Leave the lights off - scheme to switch off Norfolk’s street lights overnight saves almost £700,000
- Credit: Archant Â© 2010
Thousands of Norfolk street lights which are switched off overnight will stay dark, after a review found that crime concerns around the scheme had not materialised.
In recent years, Norfolk County Council has targeted the 52,000-plus street lights it operates, installing LED alternatives, switching them off during the night and removing some completely, as part of a pledge to halve its carbon emissions by 2020.
A new council report has praised the success of the initiatives, which are estimated to have saved £1.4m and roughly 7,500 tonnes of carbon dioxide emissions since 2008.
In particular, it highlights the impact of so-called part-night lighting, where street lights are turned off from 12am to 5am, a practice which has been applied to more than 18,700 lights and has saved £693,232 to date.
It initially sparked concern among communities worried the early-hours black-out would lead to a rise in crime and antisocial behaviour.
But according to the report, there is 'no evidence' to support the link and the council says it now receives 'very few complaints from the public'.
Terry Jermy, county councillor for Thetford and member of the Environment Development and Transport Committee, which will debate the report on Friday, said he regularly received complaints over the switch-offs.
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'People living in rural areas are often quite happy to have their lights turned off because light pollution is a serious issue,' he said. 'But in an area like Thetford, where we have a lot of shift workers, or in Norwich, where there are a lot of university students, the concerns are much greater.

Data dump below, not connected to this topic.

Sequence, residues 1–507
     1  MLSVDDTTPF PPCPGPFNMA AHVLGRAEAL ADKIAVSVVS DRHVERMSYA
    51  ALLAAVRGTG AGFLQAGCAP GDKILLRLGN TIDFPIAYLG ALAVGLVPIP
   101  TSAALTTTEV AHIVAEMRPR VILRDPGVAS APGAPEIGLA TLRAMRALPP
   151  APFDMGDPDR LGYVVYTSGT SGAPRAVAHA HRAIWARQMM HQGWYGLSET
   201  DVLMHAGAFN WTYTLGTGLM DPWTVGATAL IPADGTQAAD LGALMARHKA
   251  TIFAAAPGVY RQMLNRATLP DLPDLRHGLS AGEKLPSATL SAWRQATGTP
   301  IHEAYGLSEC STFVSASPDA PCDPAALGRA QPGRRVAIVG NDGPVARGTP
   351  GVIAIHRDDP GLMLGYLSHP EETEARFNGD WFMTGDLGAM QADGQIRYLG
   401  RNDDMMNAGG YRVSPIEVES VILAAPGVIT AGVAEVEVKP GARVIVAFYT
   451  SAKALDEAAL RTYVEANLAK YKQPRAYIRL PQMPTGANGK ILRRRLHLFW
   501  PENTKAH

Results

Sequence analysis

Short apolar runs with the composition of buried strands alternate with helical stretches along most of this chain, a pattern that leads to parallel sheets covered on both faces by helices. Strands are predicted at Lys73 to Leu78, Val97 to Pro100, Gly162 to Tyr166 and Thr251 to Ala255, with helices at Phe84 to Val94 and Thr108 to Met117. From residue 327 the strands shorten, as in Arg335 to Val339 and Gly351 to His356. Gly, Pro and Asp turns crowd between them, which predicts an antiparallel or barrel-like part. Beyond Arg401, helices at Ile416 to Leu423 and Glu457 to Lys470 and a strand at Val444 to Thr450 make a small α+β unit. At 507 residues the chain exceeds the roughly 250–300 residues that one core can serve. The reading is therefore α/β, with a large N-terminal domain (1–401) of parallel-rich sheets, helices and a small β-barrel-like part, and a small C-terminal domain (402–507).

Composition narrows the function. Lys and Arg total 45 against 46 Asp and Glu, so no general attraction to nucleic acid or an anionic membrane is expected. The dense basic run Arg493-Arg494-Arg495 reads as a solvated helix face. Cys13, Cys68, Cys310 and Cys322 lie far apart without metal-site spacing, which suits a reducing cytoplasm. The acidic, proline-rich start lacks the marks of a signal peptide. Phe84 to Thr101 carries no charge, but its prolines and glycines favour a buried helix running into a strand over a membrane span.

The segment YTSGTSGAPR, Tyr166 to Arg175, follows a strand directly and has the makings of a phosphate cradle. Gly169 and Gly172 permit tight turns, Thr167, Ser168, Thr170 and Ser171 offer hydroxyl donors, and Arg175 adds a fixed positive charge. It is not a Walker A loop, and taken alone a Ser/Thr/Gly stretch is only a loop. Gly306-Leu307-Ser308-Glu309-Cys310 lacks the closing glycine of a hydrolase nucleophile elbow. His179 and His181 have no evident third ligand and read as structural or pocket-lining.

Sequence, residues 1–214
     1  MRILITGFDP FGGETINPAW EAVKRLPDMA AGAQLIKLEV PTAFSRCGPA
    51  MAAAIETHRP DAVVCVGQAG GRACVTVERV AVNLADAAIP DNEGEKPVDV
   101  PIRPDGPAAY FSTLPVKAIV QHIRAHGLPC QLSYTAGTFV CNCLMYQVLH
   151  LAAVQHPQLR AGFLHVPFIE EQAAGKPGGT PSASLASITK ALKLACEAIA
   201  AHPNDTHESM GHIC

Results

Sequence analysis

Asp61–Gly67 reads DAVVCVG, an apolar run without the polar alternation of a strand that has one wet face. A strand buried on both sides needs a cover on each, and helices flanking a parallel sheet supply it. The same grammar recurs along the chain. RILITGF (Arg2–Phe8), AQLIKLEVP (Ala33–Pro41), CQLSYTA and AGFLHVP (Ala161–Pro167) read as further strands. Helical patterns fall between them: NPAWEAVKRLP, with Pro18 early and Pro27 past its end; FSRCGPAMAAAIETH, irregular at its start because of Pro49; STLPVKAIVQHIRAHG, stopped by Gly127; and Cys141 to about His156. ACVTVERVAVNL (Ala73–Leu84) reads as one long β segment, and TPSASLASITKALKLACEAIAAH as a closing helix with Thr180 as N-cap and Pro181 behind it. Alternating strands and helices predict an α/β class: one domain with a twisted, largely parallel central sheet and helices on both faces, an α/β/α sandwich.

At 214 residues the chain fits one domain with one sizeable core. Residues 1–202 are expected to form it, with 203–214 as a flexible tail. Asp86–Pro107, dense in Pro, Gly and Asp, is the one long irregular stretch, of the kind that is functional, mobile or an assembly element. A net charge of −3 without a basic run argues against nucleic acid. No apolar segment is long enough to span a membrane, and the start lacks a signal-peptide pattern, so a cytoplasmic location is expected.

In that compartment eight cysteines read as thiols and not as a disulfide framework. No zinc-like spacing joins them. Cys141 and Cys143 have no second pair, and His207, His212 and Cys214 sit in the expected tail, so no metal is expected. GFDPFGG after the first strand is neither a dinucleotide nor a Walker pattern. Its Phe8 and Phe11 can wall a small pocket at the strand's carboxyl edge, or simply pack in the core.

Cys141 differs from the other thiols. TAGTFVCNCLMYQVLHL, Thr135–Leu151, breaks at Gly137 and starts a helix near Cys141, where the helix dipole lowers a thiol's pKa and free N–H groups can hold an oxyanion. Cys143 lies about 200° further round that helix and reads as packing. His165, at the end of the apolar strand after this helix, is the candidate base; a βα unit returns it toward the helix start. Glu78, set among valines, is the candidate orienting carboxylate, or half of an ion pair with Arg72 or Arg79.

'It is one of the biggest complaints I continue to receive.'
He said people living in affected areas paid the same council tax as those with continuous lighting, and said replacing lights with LED bulbs was a more cost-efficient option.
But Joe Mooney, county councillor for Wymondham, said part-night lighting in the town had been successful, with few problems reported.
'We treat it on a case by case basis and in Wymondham we consulted a lot of people,' he said, 'and generally people supported it.
'We take account of safety and in Wymondham street lights aren't off on main pedestrian or bus routes, or in the town centre.
'I think people have appreciated the savings and the environmental impact.'
Though the report highlights the success of part-night lighting, which saved £161,800 in energy costs in 2015/16 alone, it does not recommend introducing new areas to the scheme.
The council says it works alongside Norfolk police and responds to requests for lights to be turned back on if issues are known.
The report also acknowledges that the future growth of the county is a 'significant issue', with thousands of new homes - and street lights - to be built over coming years.
It is a similar picture in Suffolk, where thousands of streets have been plunged into darkness overnight as part of a Suffolk County Council drive to slash emissions by 60pc by 2025.
• Have you been affected by street lights being switched off? Write, giving full contact details, to Letters Editor, Prospect House, Rouen Road, Norwich NR1 1RE.